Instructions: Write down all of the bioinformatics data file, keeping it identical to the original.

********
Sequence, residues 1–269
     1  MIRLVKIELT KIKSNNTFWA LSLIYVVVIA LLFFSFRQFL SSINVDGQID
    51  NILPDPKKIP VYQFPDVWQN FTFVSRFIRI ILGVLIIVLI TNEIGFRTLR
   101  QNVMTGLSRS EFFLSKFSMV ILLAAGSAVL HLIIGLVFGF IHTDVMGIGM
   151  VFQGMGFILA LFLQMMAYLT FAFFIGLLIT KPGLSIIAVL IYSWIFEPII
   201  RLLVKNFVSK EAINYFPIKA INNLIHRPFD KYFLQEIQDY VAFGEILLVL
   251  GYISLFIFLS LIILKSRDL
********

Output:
Sequence, residues 1–269
     1  MIRLVKIELT KIKSNNTFWA LSLIYVVVIA LLFFSFRQFL SSINVDGQID
    51  NILPDPKKIP VYQFPDVWQN FTFVSRFIRI ILGVLIIVLI TNEIGFRTLR
   101  QNVMTGLSRS EFFLSKFSMV ILLAAGSAVL HLIIGLVFGF IHTDVMGIGM
   151  VFQGMGFILA LFLQMMAYLT FAFFIGLLIT KPGLSIIAVL IYSWIFEPII
   201  RLLVKNFVSK EAINYFPIKA INNLIHRPFD KYFLQEIQDY VAFGEILLVL
   251  GYISLFIFLS LIILKSRDL